Stonehenge The Mother Of Rock And Roll?


John Ingham ( – [Experts] have found that the bluestones which form an outer ring of the 5,000-year-old monument have musical properties.

They believe this could help the answer mystery of why Stone Age man went to the enormous trouble of transporting them 150 miles from Pembrokeshire’s Preseli Hills to Salisbury Plain in Wiltshire.

A team from London’s Royal College of Art went to the Preseli Hills and discovered that the rocks have “extraordinary sonic properties.”

Paul Devereux and Jon Wozencroft struck the rocks in 1,000 separate locations and discovered that they made a wide range of sounds.

Writing in the journal Time & Mind, they say: “When struck, some make a range of metallic sounds from pure bell-like tones to tin drum noises to deeper gong-like resonances.”

They found that up to 10 per cent of the rocks “ring” when hit and in “a few very small hotspots,” up to 40 per cent rang out.

The team writes: “‘We are in no doubt that the source area of the Stonehenge bluestones is a noteworthy soundscape.”

They then went to Stonehenge itself where they were given unprecedented access by its managers, English Heritage, and tested the stones on site for the first time.

Early one morning in the presence of the English Heritage curator they tapped away on the rocks – through a protective plastic film – to hear the rock music.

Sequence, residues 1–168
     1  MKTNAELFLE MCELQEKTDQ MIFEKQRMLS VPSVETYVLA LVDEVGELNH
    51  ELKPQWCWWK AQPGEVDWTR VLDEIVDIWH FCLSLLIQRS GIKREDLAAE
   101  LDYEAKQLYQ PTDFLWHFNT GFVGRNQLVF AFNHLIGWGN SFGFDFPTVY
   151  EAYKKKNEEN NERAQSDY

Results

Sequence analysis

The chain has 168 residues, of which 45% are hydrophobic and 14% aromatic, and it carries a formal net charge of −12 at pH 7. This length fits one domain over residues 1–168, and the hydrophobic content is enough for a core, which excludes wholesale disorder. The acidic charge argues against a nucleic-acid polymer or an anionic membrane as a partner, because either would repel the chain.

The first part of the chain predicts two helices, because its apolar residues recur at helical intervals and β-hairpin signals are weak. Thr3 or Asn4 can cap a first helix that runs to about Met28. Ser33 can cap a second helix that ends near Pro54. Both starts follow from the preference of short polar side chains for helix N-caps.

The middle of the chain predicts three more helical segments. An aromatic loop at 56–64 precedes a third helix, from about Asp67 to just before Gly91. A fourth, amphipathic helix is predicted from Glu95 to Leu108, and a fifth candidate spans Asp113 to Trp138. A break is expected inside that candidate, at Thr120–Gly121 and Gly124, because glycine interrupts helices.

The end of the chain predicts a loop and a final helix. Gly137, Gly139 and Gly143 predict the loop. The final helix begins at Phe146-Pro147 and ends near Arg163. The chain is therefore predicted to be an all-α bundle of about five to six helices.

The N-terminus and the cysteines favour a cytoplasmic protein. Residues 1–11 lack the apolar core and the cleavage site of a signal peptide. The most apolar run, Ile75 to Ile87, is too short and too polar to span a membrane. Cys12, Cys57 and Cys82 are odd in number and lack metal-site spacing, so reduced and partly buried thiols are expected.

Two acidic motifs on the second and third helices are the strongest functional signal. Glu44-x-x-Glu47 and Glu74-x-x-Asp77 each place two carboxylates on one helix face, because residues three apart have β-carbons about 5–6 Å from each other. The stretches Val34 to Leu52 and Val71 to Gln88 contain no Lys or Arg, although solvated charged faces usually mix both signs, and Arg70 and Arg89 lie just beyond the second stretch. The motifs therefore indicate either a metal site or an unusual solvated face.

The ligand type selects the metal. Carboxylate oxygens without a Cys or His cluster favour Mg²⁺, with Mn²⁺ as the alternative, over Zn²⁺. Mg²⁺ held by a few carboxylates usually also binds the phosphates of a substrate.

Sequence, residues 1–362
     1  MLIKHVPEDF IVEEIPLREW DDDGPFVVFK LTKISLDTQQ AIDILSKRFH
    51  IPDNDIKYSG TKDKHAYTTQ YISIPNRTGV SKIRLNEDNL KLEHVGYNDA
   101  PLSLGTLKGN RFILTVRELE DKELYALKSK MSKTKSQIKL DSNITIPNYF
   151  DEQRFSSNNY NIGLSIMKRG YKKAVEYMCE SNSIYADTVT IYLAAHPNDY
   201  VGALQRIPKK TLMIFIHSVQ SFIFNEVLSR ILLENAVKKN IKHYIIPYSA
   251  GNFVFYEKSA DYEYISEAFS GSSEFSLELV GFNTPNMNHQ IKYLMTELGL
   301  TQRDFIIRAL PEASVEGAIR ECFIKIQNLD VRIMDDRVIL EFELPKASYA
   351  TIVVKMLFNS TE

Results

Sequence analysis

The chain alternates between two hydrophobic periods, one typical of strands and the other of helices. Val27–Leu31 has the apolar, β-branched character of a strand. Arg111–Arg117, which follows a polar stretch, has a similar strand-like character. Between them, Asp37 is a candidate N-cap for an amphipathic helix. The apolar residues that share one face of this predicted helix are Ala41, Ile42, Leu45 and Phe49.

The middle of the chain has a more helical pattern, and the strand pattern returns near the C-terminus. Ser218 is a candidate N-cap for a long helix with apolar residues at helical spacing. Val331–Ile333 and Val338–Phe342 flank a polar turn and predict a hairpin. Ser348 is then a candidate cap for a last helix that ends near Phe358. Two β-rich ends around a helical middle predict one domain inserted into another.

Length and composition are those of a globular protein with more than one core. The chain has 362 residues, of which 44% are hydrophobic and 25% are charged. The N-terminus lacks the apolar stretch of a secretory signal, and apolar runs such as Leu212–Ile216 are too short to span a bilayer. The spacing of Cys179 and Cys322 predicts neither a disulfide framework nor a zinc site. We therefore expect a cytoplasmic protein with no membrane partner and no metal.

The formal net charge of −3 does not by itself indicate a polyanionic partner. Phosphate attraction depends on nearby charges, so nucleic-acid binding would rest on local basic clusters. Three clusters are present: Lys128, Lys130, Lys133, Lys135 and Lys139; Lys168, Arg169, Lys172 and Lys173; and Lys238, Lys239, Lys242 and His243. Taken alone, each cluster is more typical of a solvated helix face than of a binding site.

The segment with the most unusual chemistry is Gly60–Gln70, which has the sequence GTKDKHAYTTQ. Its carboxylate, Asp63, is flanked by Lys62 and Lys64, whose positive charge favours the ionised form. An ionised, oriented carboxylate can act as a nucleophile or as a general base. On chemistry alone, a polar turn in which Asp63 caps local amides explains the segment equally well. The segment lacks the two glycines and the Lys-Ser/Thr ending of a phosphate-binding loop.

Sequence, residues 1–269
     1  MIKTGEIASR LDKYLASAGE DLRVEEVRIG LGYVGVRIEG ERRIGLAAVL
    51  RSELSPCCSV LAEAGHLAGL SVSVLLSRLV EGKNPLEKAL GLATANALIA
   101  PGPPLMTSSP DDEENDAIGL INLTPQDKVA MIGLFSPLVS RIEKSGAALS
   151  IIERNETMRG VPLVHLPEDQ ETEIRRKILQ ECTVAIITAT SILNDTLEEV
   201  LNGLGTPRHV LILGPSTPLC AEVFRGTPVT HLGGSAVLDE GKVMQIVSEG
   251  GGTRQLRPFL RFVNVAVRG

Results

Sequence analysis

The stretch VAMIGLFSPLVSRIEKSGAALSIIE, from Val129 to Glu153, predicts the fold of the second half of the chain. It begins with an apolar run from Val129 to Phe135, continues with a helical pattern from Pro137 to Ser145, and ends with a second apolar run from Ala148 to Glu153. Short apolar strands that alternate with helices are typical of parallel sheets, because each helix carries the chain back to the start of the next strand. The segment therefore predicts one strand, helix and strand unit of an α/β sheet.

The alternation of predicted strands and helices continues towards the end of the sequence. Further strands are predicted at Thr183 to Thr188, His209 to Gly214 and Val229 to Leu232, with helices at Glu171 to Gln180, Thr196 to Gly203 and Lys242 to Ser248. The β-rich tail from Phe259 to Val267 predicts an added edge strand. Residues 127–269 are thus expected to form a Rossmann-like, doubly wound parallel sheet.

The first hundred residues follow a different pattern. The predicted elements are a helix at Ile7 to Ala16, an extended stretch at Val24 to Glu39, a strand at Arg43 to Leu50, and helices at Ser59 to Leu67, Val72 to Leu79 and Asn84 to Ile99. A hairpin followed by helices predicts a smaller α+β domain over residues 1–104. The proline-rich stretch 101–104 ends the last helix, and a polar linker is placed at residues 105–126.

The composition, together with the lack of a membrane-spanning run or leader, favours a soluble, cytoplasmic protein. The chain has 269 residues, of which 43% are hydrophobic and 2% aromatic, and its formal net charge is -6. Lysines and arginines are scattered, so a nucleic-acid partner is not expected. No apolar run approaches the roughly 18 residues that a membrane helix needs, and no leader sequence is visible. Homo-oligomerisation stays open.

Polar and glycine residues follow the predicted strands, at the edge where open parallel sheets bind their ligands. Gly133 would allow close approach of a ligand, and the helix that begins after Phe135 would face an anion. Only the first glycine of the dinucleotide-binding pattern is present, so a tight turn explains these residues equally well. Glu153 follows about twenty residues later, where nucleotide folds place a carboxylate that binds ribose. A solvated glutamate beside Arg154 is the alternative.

And some of the stones revealed they had not lost their musical properties, ringing out across the grassland.

The researchers write: “Was sound a key reason behind the otherwise inexplicable transport of these stones from Preseli to Salisbury Plain – whether they were to be rung at Stonehenge, or simply because the megalith builders associated them with the magical properties of the astonishing Preseli soundscape?

“Stonehenge will never tell us for certain. But given all that the Project has discovered, such a suggestion may well ring true with further research.”

The study, “Landscape and Perception Project”, is described as an attempt to discover how Stone Age heard and saw the world.

It was released about a week after archaeologists were told they had spent 90 years looking in the wrong place for the source of Stonehenge’s bluestones.

Geologists say the bluestones came from a part of the Preseli Hills one mile from what was previously thought to be the source.

The team tested all the bluestones at the monument and several were found to make “distinctive if muted sounds”.

Some bluestones at the site also showed evidence of having been struck – which Wozencroft suggests would have been in order to create an acoustic environment.

The team believes the bluestones were seen as magic by Stonehenge’s builders and this may have been the prime reason for the otherwise inexplicable transportation of these stones from Preseli to Salisbury Plain.

The researchers also say the bluestones were brought despite the presence of plentiful local rocks in Wiltshire from which Stonehenge could have been built.


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